Privilege Blog

Is There Wisdom, Or, Saturday Morning at 7:41am, EST

babies, girls, twins
Peonies' babies, Ella and Amelia, born November 5th in the wee hours of the morning. Note that they are not my grandchildren, at least not in real life.

This morning I’m sitting on my daughter’s sofa in New Jersey. It’s a very nice day, and I can see blue sky out the window.

I’ve been thinking about wisdom. And I rather wonder what it is. Some young women have said to me, in passing, in comments, “You are wise.” Let’s argue their case, as though it has merit. Let’s ignore any self-doubt I feel. It’s not useful right now.

I always imagined wisdom as weighty. Involving perhaps a pervasive state of calm, for old souls who reach out and touch your shoulder, always at just the right moment. If so, I am not wise. I gesticulate. Stuff gets spilled.

But if, if, I’m wise at this point it’s from living for a long time and paying attention. Living for a long time, paying attention, burning in what matters. Letting age fade everything else. I believe in giving meaning its due.

Some young women I follow had babies a couple of weeks ago. Listening to them talk about their experience brings back memories of early days. When you’ve just brought home a baby you can’t help but pay attention. You will watch even a simple flush rise and fade in their cheeks.

Last night I slept in my grown daughter’s bed with her. This morning I woke up early, snuffling. She roused and said, “Mama. Do you need a tissue?” “No,” I said, “Can I hug you for a minute?” One does not hug one’s adult daughter as she sleeps, not without permission. She turned on her side to face me. I put one arm under her head, and the other over her shoulder, my cheek against her forehead. I felt the little bones of her shoulder, and her breath. She fell asleep.

Pay attention.

Image: via Peonies and Polaroids

54 Responses

  1. Dear LPC, Your new blog design is so perfectly you, stylish, beautiful yet restrained. I feel restful simply looking at it. Paying attention is important. I think when I was younger, I felt the pressure of doing too much and all at the same time, this so-called multi-tasking which we women were all so proud of. It was a crock of the proverbial. It is so much better to be present with the people one is with and pay attention to them. I am learning this now. I can’t wait until my beautiful girls get home from athletics and kiss and hug them and then really listen to them. Thank you for reminding us of this, you wise woman, you.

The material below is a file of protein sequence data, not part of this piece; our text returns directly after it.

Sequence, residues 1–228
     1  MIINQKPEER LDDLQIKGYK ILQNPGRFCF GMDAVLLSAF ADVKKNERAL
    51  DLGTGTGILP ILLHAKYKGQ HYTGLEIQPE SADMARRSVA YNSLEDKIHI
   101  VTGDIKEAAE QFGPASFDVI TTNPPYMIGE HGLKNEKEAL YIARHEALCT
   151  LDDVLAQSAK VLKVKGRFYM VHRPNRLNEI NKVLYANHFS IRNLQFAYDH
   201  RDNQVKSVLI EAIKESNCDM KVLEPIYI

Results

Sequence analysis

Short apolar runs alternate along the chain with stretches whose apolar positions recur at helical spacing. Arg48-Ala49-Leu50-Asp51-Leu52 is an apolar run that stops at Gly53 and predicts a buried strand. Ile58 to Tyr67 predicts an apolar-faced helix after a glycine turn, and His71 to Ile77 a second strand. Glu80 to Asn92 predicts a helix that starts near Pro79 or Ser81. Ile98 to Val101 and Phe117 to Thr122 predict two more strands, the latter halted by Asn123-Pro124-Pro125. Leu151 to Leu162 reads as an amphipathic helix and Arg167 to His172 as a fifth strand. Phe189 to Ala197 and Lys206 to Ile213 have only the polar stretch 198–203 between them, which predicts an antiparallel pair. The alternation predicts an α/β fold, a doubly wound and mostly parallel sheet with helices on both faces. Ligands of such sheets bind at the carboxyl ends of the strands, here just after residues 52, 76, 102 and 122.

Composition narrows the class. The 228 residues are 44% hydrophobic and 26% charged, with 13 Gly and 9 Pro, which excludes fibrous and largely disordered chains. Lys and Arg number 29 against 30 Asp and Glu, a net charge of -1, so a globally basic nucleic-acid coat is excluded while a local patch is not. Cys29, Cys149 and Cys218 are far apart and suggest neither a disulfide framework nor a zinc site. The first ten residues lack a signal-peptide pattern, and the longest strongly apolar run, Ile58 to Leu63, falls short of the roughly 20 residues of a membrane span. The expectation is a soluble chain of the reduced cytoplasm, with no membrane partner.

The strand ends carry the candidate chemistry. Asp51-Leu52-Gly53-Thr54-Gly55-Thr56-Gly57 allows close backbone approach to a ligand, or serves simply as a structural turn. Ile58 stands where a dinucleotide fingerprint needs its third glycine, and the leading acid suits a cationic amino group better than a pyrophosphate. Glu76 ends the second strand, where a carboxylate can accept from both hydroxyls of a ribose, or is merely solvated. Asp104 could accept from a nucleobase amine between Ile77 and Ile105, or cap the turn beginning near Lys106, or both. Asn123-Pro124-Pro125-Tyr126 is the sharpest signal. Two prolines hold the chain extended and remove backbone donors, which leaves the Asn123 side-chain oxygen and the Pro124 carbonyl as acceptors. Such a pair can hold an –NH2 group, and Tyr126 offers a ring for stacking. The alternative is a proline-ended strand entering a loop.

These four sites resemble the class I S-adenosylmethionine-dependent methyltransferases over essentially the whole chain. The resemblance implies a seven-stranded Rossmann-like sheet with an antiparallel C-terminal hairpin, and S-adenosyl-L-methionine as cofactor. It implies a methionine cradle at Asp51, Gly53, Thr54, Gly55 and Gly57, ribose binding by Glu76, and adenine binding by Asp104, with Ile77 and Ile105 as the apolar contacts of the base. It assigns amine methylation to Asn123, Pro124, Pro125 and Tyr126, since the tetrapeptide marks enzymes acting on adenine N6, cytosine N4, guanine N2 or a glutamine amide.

2. from eavan boland’s “the pomegranate” –

    But what else
    can a mother give her daughter but such
    beautiful rifts in time?
    If I defer the grief I will diminish the gift.
    The legend will be hers as well as mine.
    She will enter it. As I have.
    She will wake up. She will hold
    the papery flushed skin in her hand.
    And to her lips. I will say nothing.

    you are wise, lisa. good morning.

  3. Lovely website, insight and its pleasure to read your blog and follow you on Twitter…

  4. How precious are times like this. It pauses me to reflect on the times I have had similar experiences with my now grown children. Oh yes pay attention… lesson I seem to keep learning over and over again. Thank you for sharing your wisdom with us. Happy weekend. XX

  5. I will not cry. I am a man. Men don’t cry about this stuff. I will though, remain somewhat incomplete until I can, with her permission, touch my daughter tomorrow before I leave for another week. I did not cry. I will not cry.

  6. Another lovely post. My little girl is due next year, and I already feel like time is traveling so fast. I can’t wait to meet her, but also know that my impatience now will stand in stark contrast to when she immediately starts growing up too fast.

  7. “I can feel the little bones in her shoulders.”
    LPC you are an artisan. We all need a hug, whether it’s verbal, written and/or physical.
    The babies are adorable.
    Arthur Miller in his most famous play wrote, “attention must be paid”–

  8. Many comments have been about yearning and reminding oneself of the gifts our offspring have given us. Isn’t that what parenthood, and especially motherhood is all about?